UPPER MARLBORO – The Prince George’s County Council unanimously voted on March 20 to accept all the Compensation Review Board’s recommendations except the suggested one-time pay increase for county council members of $10,000 per annum to offset the loss of their automobile allowance. The approved recommendations include offering slightly higher salaries for the chair and […]
UPPER MARLBORO – The Prince George’s County Council unanimously voted on March 20 to accept all the Compensation Review Board’s recommendations except the suggested one-time pay increase for county council members of $10,000 per annum to offset the loss of their automobile allowance. The approved recommendations include offering slightly higher salaries for the chair and vice-chair of the county council and adjusting the county council and county executive salaries based on cost-of-living changes.
Prince George’s County council members are offered to use take-home vehicles, a rare benefit in the Washington, D.C. region, or receive an automobile allowance of more than $10,000.
All of the nine council members sponsored the legislation, which was introduced on Feb. 20.
The council collectively voted “aye” without discussion.
The bill now goes to County Executive Rushern Baker, III, whose signature is required for it to become law. The bill also increased the county contribution to council members’ retirement plans from 5 percent to 10 percent.
According to the county charter, a compensation review board “shall be appointed by the council and the county executive” by Dec. 15 of the last year of each term “to study the rate of current compensation for the council and the county executive and make a recommendation regarding the amount of compensation.”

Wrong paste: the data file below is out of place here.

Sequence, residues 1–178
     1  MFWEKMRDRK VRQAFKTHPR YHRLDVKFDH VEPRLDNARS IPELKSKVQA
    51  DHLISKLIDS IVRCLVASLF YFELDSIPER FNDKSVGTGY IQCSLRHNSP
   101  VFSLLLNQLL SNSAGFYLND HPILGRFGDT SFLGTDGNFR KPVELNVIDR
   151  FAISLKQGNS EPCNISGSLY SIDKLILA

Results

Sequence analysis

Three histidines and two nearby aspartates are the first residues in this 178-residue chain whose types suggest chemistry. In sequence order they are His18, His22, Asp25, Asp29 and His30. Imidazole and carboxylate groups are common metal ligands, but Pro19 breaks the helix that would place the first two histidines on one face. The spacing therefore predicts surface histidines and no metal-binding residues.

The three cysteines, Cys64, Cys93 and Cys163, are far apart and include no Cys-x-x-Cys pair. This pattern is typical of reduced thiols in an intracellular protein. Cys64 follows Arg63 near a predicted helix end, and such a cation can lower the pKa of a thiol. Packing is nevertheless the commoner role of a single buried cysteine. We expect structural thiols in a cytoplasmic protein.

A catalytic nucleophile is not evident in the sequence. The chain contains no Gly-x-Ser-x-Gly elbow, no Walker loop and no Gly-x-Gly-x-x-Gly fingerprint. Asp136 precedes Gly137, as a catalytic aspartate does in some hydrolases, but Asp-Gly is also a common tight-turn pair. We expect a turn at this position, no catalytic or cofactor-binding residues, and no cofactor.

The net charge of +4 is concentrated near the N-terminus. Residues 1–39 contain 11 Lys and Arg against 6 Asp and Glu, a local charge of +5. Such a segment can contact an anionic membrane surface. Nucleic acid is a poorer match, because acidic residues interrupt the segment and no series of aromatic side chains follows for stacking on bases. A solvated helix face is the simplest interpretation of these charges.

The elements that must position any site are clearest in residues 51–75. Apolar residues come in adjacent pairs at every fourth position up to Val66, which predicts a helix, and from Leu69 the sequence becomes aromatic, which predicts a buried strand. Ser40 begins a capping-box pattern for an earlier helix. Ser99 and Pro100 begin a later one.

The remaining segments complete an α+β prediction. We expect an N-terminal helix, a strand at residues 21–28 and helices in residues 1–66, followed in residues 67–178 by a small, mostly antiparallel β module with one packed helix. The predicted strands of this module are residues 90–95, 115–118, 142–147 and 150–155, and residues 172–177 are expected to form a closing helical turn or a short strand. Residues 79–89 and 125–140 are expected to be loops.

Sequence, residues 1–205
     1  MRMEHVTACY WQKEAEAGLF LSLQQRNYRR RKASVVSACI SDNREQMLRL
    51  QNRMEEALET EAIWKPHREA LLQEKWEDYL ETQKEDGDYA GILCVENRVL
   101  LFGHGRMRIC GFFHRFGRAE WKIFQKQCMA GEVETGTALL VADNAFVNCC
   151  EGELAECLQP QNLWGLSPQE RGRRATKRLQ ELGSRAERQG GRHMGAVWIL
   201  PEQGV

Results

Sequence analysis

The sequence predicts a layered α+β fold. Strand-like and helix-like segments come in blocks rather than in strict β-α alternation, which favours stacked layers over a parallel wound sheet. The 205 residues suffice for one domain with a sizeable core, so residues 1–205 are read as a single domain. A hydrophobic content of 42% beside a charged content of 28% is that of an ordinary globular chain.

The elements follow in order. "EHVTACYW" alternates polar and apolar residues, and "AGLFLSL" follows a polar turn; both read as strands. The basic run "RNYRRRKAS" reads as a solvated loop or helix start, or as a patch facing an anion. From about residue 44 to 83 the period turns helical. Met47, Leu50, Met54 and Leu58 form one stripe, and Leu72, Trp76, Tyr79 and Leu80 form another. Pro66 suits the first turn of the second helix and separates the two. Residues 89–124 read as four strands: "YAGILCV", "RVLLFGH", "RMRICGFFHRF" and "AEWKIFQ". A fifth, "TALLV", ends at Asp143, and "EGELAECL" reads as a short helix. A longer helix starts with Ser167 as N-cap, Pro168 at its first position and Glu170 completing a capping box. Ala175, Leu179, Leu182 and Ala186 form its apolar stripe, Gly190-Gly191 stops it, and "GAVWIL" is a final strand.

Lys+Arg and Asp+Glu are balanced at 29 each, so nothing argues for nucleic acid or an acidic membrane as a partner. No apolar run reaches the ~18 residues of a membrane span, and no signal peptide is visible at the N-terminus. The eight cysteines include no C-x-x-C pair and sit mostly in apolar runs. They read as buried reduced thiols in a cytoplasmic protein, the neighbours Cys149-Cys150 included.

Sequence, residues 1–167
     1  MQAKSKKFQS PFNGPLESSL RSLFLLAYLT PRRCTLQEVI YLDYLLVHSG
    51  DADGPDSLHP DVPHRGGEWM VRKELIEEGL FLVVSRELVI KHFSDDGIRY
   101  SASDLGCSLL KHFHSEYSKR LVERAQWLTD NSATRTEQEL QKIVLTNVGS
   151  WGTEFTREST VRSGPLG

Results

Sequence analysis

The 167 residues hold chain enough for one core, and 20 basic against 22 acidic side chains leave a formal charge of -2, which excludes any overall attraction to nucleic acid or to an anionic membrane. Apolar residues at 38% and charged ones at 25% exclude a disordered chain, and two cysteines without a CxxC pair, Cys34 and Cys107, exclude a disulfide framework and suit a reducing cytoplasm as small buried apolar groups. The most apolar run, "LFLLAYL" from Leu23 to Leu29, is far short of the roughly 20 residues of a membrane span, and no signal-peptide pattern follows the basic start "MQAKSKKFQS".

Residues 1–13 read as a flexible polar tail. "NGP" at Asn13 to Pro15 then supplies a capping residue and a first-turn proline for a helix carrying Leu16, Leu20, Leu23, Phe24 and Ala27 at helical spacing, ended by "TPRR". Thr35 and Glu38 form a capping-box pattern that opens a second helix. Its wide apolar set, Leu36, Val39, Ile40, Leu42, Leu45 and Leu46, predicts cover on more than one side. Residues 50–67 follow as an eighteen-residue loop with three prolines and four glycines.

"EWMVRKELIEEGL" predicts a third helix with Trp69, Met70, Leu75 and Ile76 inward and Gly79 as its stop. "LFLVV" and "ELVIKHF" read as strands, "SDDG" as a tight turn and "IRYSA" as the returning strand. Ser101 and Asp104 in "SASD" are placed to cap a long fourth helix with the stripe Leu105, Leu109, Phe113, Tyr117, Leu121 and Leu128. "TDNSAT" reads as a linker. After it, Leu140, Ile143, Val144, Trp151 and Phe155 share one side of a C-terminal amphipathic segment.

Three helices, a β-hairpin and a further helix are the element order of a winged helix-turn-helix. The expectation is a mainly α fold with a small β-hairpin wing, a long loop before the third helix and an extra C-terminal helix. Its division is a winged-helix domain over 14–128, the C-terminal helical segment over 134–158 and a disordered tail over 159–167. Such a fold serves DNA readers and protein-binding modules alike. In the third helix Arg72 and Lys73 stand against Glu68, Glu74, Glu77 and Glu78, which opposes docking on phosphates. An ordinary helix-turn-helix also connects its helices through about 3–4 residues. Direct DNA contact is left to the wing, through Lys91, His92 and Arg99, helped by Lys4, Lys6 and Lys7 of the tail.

The 2017-2018 Prince George’s County Compensation Review Board presented their recommendations to the council in January.
The board recommended that county council members receive a one-time salary adjustment of $10,000 per annum to be received in December 2018 to offset the loss of the automobile allowance, “provided the county council enacts legislation in Legislative Year 2018 to repeal the benefit for council members.”
No council members currently use county take-home vehicles. Every member but Councilman Mel Franklin receives for the yearly allowance.
In September, the Vehicle Use Review Board advised the county government to cease offering take-home vehicles to officials – including county council members – except for certain public safety and Department of Public Works and Transportation positions. The board also recommended removing the automobile allowance of more than $10,000.
A 2017 Washington Post investigation discovered the Prince George’s County government spent more than $110,00 a year on automobile allowances and take-home cars for the county officials. The Post further reported that between 2011 and 2016, council members driving take-home cars were involved in at least 15 collisions and 107 speeding, missed-toll and parking citations.
Councilwoman Karen Toles briefly lost her take-home car privileges after she was ticketed in 2012 for driving more than 100 miles per hour on I-495.
The council members were at fault in at least eight of the 15 accidents.